If the quality of your source is low or questionable, it's time to find better coverage.
This involves searching for other, more reliable sources whenever you need to verify a claim or information.
The first video [1:34] introduces the concept of finding better coverage, while the second video [4:28] explains this process in more detail:
Note: This SIFT method guide was adapted from Michael Caulfield's "Check, Please!" course at http://lessons.checkplease.cc. The text and media is (for the most part) CC-BY, and free for reuse and revision. The authors ask that people copying this course leave this note intact, so that students and instructors can find their way back to the original (periodically updated) version if necessary.
The SIFT LibGuide at https://guides.lib.wayne.edu/sift (Wayne State University Library System), and the OER book Introduction to College Research (Butler, et al.) were also adapted in the creation of this guide.
One common story that we see on social media is that a celebrity has just died. If we care about the person, we will often comment on the story or share it with others -- but, before you do this, you will want to verify that it is not a hoax.
Here's an example of a news story, claiming that the actor Keanu Reeves has died (spoiler alert: he hasn't):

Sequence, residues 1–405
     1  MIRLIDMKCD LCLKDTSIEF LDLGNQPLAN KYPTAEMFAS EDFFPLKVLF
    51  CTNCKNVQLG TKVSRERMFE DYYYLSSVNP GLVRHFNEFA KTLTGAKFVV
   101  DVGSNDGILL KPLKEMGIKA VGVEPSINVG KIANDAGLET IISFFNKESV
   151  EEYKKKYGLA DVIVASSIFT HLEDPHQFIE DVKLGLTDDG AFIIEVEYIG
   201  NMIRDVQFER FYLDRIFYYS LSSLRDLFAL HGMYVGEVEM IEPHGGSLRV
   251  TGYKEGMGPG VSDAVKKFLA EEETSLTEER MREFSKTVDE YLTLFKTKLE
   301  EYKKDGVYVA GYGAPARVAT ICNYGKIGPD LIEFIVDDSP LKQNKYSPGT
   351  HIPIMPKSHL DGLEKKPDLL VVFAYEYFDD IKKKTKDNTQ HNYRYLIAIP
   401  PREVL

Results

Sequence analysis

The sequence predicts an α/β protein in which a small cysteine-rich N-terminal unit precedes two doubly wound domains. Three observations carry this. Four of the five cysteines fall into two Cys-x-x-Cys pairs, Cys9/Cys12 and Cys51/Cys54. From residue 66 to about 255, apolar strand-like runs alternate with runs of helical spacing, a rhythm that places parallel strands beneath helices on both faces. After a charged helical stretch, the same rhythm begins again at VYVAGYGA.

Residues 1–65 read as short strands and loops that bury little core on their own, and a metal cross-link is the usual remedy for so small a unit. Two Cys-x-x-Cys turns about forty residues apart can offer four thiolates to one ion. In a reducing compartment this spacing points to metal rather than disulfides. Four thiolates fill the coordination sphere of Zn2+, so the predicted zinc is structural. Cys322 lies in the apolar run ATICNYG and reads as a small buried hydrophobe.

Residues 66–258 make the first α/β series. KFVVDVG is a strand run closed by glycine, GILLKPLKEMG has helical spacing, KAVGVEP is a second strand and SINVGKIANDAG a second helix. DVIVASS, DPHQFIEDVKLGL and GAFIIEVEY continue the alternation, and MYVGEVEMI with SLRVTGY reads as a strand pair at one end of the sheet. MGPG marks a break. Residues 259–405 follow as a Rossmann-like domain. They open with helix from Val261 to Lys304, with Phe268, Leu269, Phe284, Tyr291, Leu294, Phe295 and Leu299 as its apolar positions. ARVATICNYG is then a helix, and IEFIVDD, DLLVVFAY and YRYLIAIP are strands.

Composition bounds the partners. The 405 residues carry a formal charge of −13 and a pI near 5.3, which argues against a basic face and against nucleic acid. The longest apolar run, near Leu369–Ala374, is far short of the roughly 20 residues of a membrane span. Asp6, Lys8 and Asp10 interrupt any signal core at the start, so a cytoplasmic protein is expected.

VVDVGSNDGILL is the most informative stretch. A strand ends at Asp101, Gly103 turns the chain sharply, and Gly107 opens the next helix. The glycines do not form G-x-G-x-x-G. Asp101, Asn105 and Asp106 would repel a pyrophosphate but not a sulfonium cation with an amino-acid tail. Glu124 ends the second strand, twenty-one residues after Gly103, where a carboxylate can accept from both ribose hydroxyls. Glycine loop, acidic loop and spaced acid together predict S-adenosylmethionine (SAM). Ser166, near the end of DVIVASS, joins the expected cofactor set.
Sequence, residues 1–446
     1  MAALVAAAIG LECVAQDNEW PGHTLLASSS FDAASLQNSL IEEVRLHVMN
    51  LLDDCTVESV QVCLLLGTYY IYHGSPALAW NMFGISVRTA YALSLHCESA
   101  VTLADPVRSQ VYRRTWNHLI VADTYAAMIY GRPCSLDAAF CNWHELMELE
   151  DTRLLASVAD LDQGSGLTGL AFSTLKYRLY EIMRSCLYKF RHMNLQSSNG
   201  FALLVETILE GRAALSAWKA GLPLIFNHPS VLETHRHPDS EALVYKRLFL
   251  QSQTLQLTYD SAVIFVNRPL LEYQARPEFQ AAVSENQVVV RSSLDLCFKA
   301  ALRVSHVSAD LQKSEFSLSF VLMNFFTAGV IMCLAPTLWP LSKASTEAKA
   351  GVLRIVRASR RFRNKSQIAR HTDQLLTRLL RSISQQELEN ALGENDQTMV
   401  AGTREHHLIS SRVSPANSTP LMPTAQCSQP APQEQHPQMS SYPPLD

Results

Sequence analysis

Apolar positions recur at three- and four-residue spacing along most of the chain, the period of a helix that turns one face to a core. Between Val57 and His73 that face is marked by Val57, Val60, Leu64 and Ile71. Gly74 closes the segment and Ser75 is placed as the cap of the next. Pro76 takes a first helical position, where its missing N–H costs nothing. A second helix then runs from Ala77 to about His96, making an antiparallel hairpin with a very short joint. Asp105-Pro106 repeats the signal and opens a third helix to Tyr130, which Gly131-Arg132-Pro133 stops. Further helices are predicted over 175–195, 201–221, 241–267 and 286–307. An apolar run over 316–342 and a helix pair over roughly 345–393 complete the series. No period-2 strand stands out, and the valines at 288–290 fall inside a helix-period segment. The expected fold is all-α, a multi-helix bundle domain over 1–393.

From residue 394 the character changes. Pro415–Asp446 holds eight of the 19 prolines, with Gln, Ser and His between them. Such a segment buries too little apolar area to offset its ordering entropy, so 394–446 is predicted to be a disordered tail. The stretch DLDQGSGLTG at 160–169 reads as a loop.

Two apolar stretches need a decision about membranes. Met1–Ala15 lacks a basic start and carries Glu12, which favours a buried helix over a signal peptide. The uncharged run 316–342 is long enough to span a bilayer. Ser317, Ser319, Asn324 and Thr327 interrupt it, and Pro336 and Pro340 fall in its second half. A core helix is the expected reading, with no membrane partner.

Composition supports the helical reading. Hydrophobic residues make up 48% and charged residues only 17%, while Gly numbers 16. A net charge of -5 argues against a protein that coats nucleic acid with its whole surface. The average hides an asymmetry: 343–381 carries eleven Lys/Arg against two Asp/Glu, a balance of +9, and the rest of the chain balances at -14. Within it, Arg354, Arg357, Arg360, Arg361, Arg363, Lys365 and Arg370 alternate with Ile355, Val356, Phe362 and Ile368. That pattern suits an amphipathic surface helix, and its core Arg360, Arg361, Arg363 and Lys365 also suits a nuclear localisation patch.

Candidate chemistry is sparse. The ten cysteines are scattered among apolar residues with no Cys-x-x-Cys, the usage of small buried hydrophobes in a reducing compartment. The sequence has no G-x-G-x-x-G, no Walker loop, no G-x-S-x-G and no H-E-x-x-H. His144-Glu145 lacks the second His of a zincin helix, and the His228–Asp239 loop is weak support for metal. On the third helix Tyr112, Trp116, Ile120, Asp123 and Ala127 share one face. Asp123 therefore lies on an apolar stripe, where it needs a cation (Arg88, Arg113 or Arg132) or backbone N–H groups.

With articles like this, that come from unfamiliar sources, it is vital to find better coverage. When a celebrity dies, or with any major news, the story is covered by multiple sources and easy to verify. Simply perform a Google search (just type in the main subject--in this example: Keanu Reeves) to see if any other reliable news organizations are reporting the same information. If you can't find better coverage, chances are that the story is not true.
When performing a Google search, the first results are not always the best! In fact, paid content (such as advertisements) or biased sites are often promoted to the top of your search results.
Therefore, we need to practice "click restraint." This involves not just clicking on the first story we see, but rather, going through layers of results to find the story that is most relevant to your search, and comes from a reliable source.
The video below [2:20] discusses "click restraint" in greater detail: